The third chapter by S. Amanda Eurich, ‘Between the Living and the Dead: Preserving Confessional Identity and Community in Early Modern France’, is well placed within this volume. It ties in with Mentzer’s work, looking at funerary rites and the role of wills in shaping the collective memory of the community. Again, the need to “belong” was intertwined with the moral and spiritual dictates of the overarching religious framework (in this case, French Calvinism) and wills allowed the dead to sustain the living whilst commemorating God.
Sarah E. Dinan’s chapter: ‘A Community of Active Religious Women’ will be of particular interest to historians of women religious. The French Daughters of Charity was created after Trent and great care and tact was employed in setting up this community of women who provided direct help to the poor without being enclosed. Dinan highlights the fascinating structure, social classes and hierarchy of this company where by 1633 elite women fulfilled the role of administrators, directing the younger women from lower social ranks who carried out the hands-on-work. Of special relevance to this volume is the need for the women to define themselves and the community as something that did not threaten the orthodoxy of the Church: to create a definition that could explain and justify their need to exist outside the cloister. The development of books of Rules, greater emphasis placed on virtues such as poverty and charity and the incorporation of the important figure of Louise de Marillac as a spiritual exemplar helped set guides and boundaries for the community. The use of ritual and also images, texts, relics, liturgy, shared events and letters recur throughout the chapters as was of enhancing or enforcing a communal spirit: this is not to say that these were always introduced without opposition, this is highlighted in John M. Frymire’s ‘Demonstrationes catholicae: Defining Communities through Counter-Reformation Rituals.’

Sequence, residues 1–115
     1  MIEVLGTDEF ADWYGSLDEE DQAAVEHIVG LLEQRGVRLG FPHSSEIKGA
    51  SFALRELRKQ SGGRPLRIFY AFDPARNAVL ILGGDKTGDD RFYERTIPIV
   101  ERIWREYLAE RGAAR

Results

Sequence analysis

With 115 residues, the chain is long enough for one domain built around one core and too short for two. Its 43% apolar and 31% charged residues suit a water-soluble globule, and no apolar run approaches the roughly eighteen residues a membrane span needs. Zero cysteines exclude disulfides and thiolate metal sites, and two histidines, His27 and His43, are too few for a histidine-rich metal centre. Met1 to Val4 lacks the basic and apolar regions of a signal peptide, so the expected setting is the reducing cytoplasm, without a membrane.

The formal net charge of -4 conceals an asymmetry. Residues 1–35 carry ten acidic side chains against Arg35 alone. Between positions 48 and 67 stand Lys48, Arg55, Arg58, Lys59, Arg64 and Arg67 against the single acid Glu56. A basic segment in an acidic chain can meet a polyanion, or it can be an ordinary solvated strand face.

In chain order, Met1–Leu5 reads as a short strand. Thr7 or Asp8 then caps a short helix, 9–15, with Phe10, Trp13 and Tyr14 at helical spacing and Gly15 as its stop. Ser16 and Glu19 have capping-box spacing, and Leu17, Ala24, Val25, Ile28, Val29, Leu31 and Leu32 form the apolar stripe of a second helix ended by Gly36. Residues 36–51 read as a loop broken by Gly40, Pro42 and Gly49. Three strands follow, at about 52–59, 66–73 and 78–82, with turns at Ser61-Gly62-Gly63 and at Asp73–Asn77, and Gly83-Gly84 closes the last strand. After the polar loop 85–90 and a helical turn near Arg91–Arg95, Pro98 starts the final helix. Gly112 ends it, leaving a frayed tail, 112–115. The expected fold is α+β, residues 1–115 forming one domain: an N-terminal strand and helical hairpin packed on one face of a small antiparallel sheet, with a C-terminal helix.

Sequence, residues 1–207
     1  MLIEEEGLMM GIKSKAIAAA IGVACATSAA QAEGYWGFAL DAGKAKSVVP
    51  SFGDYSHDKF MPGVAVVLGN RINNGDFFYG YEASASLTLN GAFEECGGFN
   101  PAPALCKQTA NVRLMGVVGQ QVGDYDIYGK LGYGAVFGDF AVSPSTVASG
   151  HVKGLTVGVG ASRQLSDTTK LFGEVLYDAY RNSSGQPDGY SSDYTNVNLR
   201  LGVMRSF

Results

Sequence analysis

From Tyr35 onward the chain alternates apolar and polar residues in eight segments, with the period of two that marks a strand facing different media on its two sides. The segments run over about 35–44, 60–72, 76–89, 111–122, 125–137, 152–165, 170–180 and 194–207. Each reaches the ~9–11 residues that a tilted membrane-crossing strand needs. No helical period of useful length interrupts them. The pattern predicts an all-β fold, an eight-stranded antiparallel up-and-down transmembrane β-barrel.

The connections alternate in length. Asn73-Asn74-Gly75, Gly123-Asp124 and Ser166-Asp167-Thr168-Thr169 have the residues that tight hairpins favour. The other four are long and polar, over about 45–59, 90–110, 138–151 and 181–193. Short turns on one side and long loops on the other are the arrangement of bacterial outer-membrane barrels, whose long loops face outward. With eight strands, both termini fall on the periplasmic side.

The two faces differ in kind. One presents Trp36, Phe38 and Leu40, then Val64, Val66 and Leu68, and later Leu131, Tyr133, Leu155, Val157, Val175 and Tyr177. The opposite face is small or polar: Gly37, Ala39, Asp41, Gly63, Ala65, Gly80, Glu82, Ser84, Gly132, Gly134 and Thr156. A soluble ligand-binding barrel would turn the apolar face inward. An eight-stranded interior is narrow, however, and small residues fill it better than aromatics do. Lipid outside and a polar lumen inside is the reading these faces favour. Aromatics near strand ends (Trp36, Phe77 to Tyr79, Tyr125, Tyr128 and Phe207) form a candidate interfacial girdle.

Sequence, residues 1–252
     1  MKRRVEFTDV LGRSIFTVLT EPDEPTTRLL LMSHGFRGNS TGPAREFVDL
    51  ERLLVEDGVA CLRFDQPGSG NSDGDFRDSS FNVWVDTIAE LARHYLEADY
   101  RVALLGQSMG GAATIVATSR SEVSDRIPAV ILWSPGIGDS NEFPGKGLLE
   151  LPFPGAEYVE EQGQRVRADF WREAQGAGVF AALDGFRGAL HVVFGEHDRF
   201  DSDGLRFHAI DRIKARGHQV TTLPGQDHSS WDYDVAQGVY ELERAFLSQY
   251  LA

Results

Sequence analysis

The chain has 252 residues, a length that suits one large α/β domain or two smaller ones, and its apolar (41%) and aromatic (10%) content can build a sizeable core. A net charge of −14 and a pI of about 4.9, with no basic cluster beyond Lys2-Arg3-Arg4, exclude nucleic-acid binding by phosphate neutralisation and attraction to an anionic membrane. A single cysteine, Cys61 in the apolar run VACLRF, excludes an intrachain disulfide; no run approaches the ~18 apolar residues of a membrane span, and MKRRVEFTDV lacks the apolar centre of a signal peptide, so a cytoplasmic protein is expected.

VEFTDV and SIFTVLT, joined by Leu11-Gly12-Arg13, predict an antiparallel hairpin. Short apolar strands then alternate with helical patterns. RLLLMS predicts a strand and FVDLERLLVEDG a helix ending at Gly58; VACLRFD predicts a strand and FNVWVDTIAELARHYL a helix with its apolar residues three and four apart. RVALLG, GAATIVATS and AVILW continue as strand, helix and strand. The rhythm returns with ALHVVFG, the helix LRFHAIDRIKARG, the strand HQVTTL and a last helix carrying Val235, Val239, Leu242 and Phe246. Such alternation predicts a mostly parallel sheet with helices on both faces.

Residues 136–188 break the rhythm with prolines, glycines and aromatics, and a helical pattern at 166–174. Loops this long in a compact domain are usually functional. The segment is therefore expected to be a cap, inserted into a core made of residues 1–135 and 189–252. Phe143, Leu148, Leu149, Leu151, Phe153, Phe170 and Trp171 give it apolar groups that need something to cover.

The role of the insider and the outsider and the permeability of communities is also present in many of the chapters such as Kathleen M. Comerford’s ‘ Jesuits, Politics, and Heretics in Siena, Montepulciano and Lucca’ and Sean Cocco’s ‘Contesting Vesuvius and Claiming Naples’. Karen E. Spierling in ‘The Complexity of Community in Reformation Geneva: The Case of the Lullin Family’ gives an account of how Jean Lullin moved from insider to outsider and then back again; Michael J. Halvorson looks at insiders and outsiders at the edges of two communities in ‘Lutherans Baptizing Jews: Examining Reports and Confessional Polemics from Reformation Germany’ and Claire S. Schen addresses penance and readmission into the community in ‘Breaching “Community” in Britain: Captives, Renegades, and the Redeemed’.